spurge
(Chamaesyce
sp.)


Same herbicide, rates and comments as matchweed.




Same herbicide, rates and comments as white clover.


Weed Species


Remarks


white clover
(Trifolium
repens)


dicamba
(0.125)


atrazine
(2.0)









IMPORTANT


PESTICIDE PRECAUTIONS
1. Observe all directions, restrictions and precautions on pesticide labels. It
is dangerous, wasteful and illegal to do otherwise.
2. Volatile vapor drift from 2,4-D esters or spray drift from 2,4-D amines,
dicamba, or other phenoxy or benzoic acid compounds may damage
nearby broadleaf plants. Amine forms of 2,4-D can be used with greater
safety near sensitive landscape plants than can other formulations. Apply
pesticides carefully to avoid drift.
3. Do not apply insecticides or fungicides with equipment used for 2,4-D or
related herbicides.
4. Store herbicides behind locked doors in original containers with labels
intact, separate from seed, fertilizer and other pesticides.
5. Use pesticides at correct dosage and intervals to avoid illegal residues or
injury to plants and animals.
6. Destroy used containers in compliance with label directions so that con-
tamination of water and other hazards will not result.


Information contained in this publication should conform to current prod-
uct labels. If product or active ingredient rates are at variance within this pub-
lication, use the product label recommendations, or contact the local county
Extension agent for more up-to-date information.

Trade and brand names are used only for information. The Florida Co-
operative Extension Service, IFAS, and the University of Florida do not
guarantee nor warrant the standard of any product mentioned; neither do they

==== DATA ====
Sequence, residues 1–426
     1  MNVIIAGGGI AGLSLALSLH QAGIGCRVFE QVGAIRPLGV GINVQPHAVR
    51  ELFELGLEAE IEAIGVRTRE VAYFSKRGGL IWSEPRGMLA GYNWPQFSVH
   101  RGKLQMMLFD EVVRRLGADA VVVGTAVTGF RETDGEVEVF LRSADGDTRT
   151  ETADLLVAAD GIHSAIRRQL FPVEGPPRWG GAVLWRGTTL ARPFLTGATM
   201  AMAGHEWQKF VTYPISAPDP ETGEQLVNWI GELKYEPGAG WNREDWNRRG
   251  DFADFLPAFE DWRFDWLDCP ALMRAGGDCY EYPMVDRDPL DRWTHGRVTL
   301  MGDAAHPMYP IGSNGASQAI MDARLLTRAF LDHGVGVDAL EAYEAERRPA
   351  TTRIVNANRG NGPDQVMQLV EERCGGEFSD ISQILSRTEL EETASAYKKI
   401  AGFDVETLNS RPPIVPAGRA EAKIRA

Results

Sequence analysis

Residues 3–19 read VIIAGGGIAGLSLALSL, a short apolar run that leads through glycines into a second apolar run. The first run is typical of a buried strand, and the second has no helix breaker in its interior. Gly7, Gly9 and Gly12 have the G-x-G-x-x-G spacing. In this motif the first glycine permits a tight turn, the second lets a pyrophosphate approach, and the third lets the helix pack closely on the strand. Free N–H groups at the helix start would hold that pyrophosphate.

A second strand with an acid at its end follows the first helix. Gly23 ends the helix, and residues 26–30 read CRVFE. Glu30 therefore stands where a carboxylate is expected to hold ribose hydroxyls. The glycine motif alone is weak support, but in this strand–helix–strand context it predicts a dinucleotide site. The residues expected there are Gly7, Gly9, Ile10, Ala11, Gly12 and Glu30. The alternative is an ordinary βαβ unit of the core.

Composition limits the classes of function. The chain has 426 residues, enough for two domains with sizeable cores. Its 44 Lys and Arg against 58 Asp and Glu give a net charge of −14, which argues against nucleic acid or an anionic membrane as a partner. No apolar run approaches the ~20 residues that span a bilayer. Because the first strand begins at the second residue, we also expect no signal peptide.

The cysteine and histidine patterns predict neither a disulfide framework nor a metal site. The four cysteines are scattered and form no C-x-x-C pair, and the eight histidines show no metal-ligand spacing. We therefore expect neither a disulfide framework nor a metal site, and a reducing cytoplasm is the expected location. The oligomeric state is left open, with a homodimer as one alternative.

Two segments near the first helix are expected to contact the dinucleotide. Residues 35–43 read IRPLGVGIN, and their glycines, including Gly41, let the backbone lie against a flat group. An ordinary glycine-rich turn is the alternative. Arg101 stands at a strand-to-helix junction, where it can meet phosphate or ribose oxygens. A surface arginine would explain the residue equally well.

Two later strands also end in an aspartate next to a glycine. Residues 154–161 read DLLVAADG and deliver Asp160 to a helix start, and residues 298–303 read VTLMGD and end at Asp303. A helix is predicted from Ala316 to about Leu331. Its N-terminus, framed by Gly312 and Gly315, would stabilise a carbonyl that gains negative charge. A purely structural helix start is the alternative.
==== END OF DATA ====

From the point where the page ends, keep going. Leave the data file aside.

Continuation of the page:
imply approval of any product to the exclusion of others which may also be
suitable.

Some of the materials recommended in this publication are not available
to homeowners because the materials are restricted use pesticides which re-
quire licensing for application and handling.


























































This public document was promulgated at a cost of $1,552.00 or $.10 per
copy, to provide information on weed control in centipedegrass and St.
Augustinegrass. 9-16M-83


COOPERATIVE EXTENSION SERVICE, UNIVERSITY OF FLOR-
IDA, INSTITUTE OF FOOD AND AGRICULTURAL SCIENCES,
K. R. Tefertlller, director, In cooperation with the United States I
Department of Agriculture, publishes this Information to further the
purpose of the May 8 and June 30, 1914 Acts of Congress; and is
authorized to provide research, educational Information and other
services only to Individuals and Institutions that function without regard to race, color,
sex or national origin. Single copies of Extension publications (excluding 4-H and Youth
publications) are available free to Florida residents from County Extension Offices.
Information on bulk rates or copies for out-of-state purchasers Is available from C. M.
Hinton, Publications Distribution Center, IFAS Building 664, University of Florida,
Gainesville, Florida 32611. Before publicizing this publication, editors should contact
this address to determine availability.